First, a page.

The structure of a 6/4-pole SRM experimental prototype: a) shell which contains ribbed frame  and base, b) stator, c) windings, d) a 6/4-poles SRM

b)

The structure of a 6/4-pole SRM experimental prototype: a) shell which contains ribbed frame  and base, b) stator, c) windings, d) a 6/4-poles SRM

c)

The structure of a 6/4-pole SRM experimental prototype: a) shell which contains ribbed frame  and base, b) stator, c) windings, d) a 6/4-poles SRM

d)

2.1. Finite-element model of SRM stator

Based the SRM experimental prototype, 3D finite-element(FE) model of the SRM stator is built which takes windings in account. The FE model of the SRM wound stator which takes shell and ribbed frame and base in account is shown in Fig. 2. Table 1 shows the effective material properties of stator core, windings and shell which contains ribbed frame and base.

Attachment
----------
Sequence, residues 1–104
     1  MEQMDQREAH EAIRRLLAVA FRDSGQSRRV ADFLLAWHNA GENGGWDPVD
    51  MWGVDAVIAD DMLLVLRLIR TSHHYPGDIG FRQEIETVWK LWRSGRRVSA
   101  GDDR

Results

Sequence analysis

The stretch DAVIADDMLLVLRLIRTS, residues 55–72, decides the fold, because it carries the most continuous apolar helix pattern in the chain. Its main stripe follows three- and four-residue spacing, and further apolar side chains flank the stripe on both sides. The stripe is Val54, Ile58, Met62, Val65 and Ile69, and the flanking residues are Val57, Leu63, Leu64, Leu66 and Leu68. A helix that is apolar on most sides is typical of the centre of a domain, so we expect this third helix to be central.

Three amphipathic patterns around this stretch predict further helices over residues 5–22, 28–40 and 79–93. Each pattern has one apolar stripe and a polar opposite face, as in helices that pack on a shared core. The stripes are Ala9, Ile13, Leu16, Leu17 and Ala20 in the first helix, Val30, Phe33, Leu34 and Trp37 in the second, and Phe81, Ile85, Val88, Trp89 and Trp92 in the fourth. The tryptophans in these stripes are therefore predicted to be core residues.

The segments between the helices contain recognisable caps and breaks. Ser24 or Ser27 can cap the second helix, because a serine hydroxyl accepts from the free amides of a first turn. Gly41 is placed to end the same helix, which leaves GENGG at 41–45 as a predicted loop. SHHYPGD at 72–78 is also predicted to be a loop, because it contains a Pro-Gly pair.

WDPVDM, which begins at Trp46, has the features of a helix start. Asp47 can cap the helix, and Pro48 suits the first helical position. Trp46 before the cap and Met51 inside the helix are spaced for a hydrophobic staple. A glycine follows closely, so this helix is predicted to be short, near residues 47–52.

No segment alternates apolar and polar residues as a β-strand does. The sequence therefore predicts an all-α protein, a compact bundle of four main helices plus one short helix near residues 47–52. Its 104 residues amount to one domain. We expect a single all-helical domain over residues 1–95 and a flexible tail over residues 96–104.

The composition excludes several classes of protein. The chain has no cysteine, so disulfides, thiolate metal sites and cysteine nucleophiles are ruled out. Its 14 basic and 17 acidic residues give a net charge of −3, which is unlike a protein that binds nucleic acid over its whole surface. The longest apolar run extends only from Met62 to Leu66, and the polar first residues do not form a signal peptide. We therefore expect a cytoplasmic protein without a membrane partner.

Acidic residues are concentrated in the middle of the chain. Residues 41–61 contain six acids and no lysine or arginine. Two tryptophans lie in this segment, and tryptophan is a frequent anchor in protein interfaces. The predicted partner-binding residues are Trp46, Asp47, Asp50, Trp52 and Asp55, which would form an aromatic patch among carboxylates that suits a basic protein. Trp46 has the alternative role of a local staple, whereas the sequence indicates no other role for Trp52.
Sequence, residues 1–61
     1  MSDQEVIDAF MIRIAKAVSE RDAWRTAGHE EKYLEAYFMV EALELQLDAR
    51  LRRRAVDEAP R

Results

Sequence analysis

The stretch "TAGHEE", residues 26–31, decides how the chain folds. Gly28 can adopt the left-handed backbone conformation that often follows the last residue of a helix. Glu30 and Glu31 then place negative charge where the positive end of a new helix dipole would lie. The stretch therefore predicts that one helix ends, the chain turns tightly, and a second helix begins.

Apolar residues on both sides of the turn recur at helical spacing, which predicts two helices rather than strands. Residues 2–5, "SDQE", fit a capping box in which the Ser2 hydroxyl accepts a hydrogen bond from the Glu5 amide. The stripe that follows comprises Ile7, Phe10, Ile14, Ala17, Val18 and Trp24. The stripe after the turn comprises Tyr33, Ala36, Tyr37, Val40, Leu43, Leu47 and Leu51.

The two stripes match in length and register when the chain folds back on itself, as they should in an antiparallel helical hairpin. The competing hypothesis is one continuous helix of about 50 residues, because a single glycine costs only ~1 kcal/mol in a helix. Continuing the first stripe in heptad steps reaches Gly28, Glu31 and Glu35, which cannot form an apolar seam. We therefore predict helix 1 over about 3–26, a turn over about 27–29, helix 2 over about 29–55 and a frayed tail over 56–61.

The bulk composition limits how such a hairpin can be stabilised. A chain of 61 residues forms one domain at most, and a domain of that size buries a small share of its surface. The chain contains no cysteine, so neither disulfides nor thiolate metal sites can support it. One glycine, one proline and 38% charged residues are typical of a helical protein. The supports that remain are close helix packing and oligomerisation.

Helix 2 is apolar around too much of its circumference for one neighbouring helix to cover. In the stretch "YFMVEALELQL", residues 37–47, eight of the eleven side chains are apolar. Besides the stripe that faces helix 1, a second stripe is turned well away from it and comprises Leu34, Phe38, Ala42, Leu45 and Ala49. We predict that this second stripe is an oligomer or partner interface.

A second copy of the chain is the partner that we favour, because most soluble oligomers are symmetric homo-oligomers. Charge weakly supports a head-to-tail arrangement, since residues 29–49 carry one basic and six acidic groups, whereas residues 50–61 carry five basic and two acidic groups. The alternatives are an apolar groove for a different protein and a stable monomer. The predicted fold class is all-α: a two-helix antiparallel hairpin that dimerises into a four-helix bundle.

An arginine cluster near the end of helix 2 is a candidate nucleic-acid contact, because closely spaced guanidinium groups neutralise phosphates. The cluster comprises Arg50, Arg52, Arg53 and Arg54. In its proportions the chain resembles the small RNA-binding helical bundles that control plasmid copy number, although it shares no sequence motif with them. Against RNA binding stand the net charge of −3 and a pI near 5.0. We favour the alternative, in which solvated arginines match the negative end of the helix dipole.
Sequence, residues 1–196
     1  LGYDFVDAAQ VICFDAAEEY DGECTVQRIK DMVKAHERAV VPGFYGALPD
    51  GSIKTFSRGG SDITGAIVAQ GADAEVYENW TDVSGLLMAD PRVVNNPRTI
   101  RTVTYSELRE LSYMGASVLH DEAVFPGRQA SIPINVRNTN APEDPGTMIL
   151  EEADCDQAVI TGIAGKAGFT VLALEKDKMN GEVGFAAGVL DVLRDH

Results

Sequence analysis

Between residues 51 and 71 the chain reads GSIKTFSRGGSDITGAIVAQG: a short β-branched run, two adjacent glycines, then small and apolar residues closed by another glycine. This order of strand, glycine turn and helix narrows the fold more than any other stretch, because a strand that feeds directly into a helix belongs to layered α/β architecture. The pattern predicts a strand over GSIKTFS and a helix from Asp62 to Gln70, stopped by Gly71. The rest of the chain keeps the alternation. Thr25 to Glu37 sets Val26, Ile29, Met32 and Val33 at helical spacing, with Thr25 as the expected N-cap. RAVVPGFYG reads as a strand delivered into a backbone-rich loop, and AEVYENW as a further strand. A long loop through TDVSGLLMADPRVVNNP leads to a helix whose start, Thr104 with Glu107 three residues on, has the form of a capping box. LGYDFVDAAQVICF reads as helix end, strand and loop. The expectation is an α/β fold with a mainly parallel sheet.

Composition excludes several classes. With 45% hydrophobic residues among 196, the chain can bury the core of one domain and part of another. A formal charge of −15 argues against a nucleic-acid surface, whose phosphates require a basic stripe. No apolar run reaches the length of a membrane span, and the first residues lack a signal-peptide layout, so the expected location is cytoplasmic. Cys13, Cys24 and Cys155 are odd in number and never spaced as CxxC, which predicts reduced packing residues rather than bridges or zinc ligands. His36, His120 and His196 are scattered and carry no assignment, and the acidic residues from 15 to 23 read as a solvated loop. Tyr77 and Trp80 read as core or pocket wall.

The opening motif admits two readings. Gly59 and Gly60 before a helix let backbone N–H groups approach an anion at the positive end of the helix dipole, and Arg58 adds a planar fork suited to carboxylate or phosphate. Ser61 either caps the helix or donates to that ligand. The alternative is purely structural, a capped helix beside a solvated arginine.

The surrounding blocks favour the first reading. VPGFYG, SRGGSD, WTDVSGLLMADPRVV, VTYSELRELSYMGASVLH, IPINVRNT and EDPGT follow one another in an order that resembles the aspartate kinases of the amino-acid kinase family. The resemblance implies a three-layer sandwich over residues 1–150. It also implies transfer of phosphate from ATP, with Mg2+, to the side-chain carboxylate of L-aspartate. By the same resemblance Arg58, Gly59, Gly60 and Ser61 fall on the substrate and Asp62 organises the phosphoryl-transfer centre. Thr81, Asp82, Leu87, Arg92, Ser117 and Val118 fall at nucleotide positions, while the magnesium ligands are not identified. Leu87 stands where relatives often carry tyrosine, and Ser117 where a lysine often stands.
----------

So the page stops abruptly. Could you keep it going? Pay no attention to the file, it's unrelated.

Fig. 23D FE computing model of the SRM stator

3D FE computing model of the SRM stator

Table 1Material properties

Young’s modulus / Pa
Density / kg·m-3
Poisson’s ratio
Shell
0.9×1011
7640
0.25
Windings
1.2×1011
8900
0.3
Stator Core
2.05×1011
7800
0.3

2.2. Modal analysis and its results